It’s rare to find a good example of public relations in the mass media. We see characters that bribe, lie and cheat in order to achieve the results they need, which paints a poor picture of a communication specialist. Though most of these characters are entertaining, knowing some people may view them as legitimate PR pros is rather disappointing.
Take a look at the following review of eight popular TV and movie characters by Elevation intern Amanda Kluttz.
Samantha Jones / Sex and the City: Jones is a well-known public relations executive in New York who owns an agency. She portrays the PR profession as planning extravagant parties, attending star-studded events, and enjoying access to the newest and most popular restaurants and bars. No need to go into further detail with Ms. Jones. Professional Score: 1/5
Shauna Roberts / Entourage: Roberts is a brutally honest publicist who represents the show’s main character, celebrity Vincent Chase. She is seen throughout the series helping her client make big media appearances and in the final season she manages damage control over an article published by “Vanity Fair” that calls Chase an “insecure womanizer.” Roberts’ casual behavior and vulgarity with her client, however, make it hard to believe she is a respected and successful PR professional. Professional Score: 3/5
Lee Phillips / America’s Sweethearts: Movie publicist Lee Phillips is hired to promote a film featuring two stars known as “America’s Sweethearts” who in reality are going through an ugly divorce. But that isn’t the only challenge he’s faced with, as his job is also complicated with the fact that the kooky, erratic film director refuses to let the studio screen the movie until the press junket. Phillips’ day-to-day scenarios remind us of common comical days in the office, but his character lacks strategic counsel and media relations. Professional Score: 3/5
C.J. Cregg / The West Wing: Cregg holds a very prominent position at the White House as press secretary. Her strong relationships with the White House Press Corps, outstanding intuition on managing crises and charming wit and sense of humor are just a few reasons why PR professionals everywhere fell in love with Cregg. She is later named chief of staff. Professional Score: 5/5
Conrad Brean / Wag the Dog: Brean is a spin doctor for the President of the United States whose sole purpose is to make the president look good during his upcoming re-election campaign. His “spinning” doesn’t involve turning the president’s sex scandal into a positive news story, but rather creating a fake war, complete with fake military to take attention away from POTUS. His ethics should give his character a PR rating of zero, but his mind-blowing creative strategy gives him extra points. Professional Score: 2/5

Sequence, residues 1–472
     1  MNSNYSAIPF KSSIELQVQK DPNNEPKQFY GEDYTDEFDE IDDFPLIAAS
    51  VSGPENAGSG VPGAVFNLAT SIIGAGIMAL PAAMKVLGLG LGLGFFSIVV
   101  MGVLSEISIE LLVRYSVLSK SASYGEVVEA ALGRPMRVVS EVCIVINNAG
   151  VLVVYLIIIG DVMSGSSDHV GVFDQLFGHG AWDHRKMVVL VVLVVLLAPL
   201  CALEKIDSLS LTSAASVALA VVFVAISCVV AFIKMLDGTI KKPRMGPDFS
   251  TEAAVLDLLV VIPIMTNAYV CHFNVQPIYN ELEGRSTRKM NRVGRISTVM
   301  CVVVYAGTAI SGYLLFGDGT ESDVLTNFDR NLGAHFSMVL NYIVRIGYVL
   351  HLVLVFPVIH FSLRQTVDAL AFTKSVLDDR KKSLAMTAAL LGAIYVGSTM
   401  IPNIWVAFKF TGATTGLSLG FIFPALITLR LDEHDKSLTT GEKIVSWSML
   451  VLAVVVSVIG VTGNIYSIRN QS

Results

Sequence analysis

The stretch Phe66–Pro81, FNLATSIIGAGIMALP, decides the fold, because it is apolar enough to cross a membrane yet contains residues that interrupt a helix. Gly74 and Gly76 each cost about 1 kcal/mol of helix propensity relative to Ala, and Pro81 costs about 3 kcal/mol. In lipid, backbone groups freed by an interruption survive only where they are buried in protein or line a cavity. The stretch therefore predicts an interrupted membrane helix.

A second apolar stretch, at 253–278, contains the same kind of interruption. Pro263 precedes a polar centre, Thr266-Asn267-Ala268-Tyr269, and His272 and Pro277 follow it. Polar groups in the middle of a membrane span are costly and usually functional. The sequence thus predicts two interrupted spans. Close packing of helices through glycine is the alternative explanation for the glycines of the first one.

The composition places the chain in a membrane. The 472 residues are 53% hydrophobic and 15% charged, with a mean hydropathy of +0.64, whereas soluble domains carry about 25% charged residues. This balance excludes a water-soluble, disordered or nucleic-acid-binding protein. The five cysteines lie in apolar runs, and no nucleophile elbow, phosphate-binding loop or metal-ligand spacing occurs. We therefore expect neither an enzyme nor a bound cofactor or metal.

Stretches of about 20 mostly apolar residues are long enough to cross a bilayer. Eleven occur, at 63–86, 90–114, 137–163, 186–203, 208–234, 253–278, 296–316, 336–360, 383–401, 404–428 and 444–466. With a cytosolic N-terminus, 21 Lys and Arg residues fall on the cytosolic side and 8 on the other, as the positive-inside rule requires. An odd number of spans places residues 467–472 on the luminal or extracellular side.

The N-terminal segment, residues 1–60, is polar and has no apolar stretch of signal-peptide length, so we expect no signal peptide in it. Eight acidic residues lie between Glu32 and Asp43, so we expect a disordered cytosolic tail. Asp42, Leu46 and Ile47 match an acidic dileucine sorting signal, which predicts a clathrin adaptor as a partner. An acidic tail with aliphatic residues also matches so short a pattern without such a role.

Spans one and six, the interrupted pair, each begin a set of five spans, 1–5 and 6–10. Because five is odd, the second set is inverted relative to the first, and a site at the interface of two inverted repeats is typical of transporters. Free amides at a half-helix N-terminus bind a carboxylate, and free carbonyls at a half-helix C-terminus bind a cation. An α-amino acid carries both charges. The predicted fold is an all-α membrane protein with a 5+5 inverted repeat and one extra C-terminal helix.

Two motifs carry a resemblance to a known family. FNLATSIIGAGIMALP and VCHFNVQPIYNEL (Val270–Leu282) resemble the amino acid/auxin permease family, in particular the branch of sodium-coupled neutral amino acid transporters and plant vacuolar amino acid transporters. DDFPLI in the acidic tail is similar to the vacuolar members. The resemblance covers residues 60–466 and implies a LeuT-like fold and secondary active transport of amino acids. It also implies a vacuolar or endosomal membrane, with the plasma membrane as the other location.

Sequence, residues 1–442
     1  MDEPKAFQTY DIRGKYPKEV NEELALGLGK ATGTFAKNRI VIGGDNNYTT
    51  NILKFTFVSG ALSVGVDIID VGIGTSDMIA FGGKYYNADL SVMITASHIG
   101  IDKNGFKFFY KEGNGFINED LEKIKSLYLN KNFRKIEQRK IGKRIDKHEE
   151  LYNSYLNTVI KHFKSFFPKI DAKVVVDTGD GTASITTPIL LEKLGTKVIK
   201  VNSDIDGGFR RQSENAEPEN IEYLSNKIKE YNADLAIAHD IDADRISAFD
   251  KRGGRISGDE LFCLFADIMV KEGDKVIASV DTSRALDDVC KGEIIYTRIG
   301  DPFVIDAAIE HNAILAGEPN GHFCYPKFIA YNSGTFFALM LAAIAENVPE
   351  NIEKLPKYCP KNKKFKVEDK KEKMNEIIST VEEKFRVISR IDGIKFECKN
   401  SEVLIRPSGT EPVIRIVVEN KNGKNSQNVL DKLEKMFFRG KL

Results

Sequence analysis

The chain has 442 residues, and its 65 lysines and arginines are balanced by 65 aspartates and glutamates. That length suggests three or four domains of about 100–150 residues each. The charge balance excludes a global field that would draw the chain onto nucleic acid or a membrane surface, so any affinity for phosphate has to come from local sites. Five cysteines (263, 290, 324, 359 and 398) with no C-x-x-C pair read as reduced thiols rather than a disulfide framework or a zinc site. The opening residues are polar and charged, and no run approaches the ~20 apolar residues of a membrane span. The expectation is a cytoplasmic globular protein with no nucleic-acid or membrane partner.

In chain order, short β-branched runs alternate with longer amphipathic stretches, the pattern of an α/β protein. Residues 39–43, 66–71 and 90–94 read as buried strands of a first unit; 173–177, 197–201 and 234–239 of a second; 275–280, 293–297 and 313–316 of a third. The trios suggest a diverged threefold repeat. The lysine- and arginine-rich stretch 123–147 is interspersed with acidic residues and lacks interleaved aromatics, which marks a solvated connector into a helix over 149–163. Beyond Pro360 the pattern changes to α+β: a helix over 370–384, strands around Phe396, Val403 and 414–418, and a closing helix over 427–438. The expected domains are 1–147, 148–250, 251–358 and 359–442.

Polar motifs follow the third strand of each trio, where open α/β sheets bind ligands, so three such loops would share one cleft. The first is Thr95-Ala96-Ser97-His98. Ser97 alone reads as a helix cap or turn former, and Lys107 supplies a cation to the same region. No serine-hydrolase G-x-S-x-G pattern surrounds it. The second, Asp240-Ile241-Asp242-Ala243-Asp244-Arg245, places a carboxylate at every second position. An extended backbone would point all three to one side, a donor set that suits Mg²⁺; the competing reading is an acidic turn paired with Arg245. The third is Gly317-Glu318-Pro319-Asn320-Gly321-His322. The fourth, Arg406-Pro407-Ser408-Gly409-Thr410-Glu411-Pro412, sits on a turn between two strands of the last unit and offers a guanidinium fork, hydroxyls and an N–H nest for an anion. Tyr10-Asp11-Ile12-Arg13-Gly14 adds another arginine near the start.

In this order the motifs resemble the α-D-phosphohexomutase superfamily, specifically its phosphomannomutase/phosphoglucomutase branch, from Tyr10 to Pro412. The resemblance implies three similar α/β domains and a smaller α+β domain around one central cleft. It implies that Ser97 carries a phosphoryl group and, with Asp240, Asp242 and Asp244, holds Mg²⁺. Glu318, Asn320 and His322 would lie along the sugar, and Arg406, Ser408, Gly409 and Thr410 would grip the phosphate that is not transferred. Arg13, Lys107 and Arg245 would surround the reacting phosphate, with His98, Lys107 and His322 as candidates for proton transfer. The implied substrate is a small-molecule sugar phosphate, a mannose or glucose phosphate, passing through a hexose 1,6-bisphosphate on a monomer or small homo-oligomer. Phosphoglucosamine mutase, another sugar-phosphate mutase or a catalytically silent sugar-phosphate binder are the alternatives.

Olivia Pope / Scandal: Pope, a former White House director of communications, owns a crisis management practice that attempts damage control in “scandals” involving public figures. Her media training sessions and advice are on par with the PR profession, but cleaning up crime scenes and helping clients hide discretionary spending are major red flags when it comes to ethics. Professional Score: 4/5
Nick Naylor / Thank You for Smoking: Naylor is vice president and spokesperson for a tobacco lobby called Academy of Tobacco Studies. He is tasked with spinning questionable research, mostly funded by tobacco companies, that has found there is no link between smoking and lung cancer. Although the story is a good example of how PR professionals use positioning strategy, Naylor’s bribery and shady communication is far from an accurate depiction of public relations. Professional Score: 2/5
Jerry Maguire / Jerry Maguire: Maguire is a thriving sports agent who loses his job over a memo about corruption in the sports management business. He tries to retain several of his clients, but is unsuccessful with all but one who happens to have high demands with his athletic career. In the end Maguire secures an $11.2 million contract for the client to finish his pro football career. Though Maguire doesn’t fully practice public relations, his dedication to his client, pitching strategy and negotiating skills give him points on the PR scale. Professional Score: 2/5
Amanda Kluttz, a communication studies major, is in her junior year at the University of North Carolina Wilmington.
Image Sources: HBO, NBC, ABC, Gracie Films/TriStar Pictures.
Posted on Tue, September 30, 2014
by Amanda Kluttz